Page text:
CRIMSON FOR CANFIELD – USVI native Taylor Canfield bolstered his dominance in the world of match racing, by winning the season opener in April: the coveted Crimson Blazer – icon of the prestigious Congressional Cup [CC] which is hosted by Long Beach Yacht Club, Calif.
Canfield joins legendary sailors like Dennis Conner, Ted Turner, Dean Barker, and Rod Davis who have captured the title over the past 50 years: many using the Congressional Cup as a launchpad for the America’s Cup. And USVI’s own Peter Holmberg is a four-time winner of the Congressional Cup, sailing under the St. Thomas YC burgee in 1998, 1999 and 2001; and in 2002 – representing the Golden Gate YC.
The Congressional Cup is recognized as the innovator of on-the-water umpiring and one of the most prominent match racing events in the world. It’s sailed in Catalina 37s designed and maintained to the highest standards in match racing, with a crew of six. Racing is off the Belmont Veterans Memorial Pier – where the action is up close and personal with convenient Congressional Cup stadium viewing and colorful commentary. An invitational regatta, it hosts the foremost match racing skippers from around the globe – including five of the top ten-ranked skippers in this 50th Jubilee event.
While not the youngest contestant to win the Grade 1 regatta, Canfield is surely one of the more poised. Despite six prior Congressional Cup champions in the lineup, he was calm, cool, collected. “Our team performs well under pressure; everyone just works really hard for the moment,” he said. “We just go out and do it one race at a time – you don’t go out and count your eggs too early.”
But the week had started out rocky.
After the first day of the second stage of racing – with two opponents already carved out of the field – Canfield and his US One Sailing Team stood in a four-way tie for third place – smack dab in the middle of the pack. “We’re definitely trying to dust a little bit of the rust off,” admitted the ISAF number one ranked skipper whose team hadn’t sailed together in about five months. “We’re getting back in the groove, getting communications back to normal, and getting reacquainted with these boats.”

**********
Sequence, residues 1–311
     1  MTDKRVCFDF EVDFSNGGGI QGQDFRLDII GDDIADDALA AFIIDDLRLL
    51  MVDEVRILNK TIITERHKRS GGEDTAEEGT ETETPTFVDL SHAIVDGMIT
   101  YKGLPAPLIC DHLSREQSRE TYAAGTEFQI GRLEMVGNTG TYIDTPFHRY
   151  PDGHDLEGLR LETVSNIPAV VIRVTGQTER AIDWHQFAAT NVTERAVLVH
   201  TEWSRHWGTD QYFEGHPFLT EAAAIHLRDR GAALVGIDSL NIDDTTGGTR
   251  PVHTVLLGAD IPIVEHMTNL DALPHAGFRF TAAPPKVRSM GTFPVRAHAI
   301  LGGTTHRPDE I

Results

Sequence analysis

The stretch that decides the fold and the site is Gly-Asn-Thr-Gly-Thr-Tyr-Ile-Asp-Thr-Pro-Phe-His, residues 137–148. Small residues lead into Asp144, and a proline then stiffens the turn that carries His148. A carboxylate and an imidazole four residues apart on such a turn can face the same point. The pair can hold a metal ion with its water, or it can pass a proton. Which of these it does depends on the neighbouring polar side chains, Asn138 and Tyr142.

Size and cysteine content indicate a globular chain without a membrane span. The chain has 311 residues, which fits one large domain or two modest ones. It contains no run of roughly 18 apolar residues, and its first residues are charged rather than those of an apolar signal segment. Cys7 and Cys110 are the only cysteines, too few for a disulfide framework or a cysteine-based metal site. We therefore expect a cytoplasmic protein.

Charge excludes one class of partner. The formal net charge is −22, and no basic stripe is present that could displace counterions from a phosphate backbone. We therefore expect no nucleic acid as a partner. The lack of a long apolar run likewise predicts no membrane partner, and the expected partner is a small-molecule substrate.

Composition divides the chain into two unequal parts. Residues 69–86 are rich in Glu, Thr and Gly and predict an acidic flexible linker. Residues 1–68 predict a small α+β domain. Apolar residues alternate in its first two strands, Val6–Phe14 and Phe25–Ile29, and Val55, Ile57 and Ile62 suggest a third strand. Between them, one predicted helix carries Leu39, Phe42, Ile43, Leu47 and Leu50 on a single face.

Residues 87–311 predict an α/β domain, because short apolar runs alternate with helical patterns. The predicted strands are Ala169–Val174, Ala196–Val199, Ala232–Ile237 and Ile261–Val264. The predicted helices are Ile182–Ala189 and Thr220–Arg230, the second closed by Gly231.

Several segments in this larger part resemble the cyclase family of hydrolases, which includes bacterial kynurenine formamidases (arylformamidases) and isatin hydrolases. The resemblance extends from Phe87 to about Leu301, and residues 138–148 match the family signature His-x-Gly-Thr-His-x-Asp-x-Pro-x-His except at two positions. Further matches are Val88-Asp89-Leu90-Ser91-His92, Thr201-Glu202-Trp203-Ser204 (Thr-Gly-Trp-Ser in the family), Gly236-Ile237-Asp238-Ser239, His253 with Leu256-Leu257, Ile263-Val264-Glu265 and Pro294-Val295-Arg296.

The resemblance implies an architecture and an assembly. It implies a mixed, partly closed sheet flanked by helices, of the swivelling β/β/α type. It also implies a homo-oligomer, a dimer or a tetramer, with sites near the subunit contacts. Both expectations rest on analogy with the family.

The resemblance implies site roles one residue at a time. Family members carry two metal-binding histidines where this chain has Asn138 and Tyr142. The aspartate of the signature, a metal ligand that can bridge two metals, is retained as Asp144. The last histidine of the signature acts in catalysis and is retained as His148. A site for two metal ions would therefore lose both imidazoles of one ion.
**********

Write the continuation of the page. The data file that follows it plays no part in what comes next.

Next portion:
Throughout the event, Canfield’s father Bill watched, and glowed. “Taylor was pretty much born on the water; he started sailing Optis at five, and keelboats at ten,” revealed the senior Canfield.
Taylor’s childhood was spent tooling around on the water near his Virgin Islands home, his dad relayed. “He and his friends went out every day after school and just went sailing. ‘Like Huckleberry Finn – they sailed around; sometimes we’d drive them to St. Johns for ice cream cones and they’d sail back home, seven miles to windward, in their Optis. They just loved to sail and explore.”
That familiarity and confidence has translated to a powerhouse on the water. Canfield began a steady climb up the ladder at the Congressional Cup, winning all five of his races by Day Three, and besting number two-ranked Ian Williams (GBR) on the final day of round robins to cement his berth in the semi finals, as well as the privilege to pick his opponent for the penultimate match.
“It’s taken a big effort in a tough field: there are some really tough competitors sailing really hard,” Canfield said. “I know the team has what it takes, and it’s just going to come down to continuing to work hard and hopefully bringing home the Crimson Blazer.”
But first Canfield had to dispatch Australia’s Keith Swinton, who reached the final four with a hard-fought tiebreaker against defending champion Simone Ferrarese of Italy and France’s Mathieu Richard, the 2007 Cup winner.
Meanwhile Williams won his matches against Francesco Bruni of Italy, the 2010 champion; for the final showdown against Canfield. After one win each, it came down to sudden death – as hundreds of spectators watched from the pier. But Williams drew a penalty in a pre-start foul, and never could catch up to the Caribbean Kid.
At the Long Beach Yacht Club prize-giving Canfield said he was ‘almost speechless’ as he donned the Crimson Blazer, and accepted his $17,500 in prize money. It was his fourth attempt, and he vowed to come back and defend his title.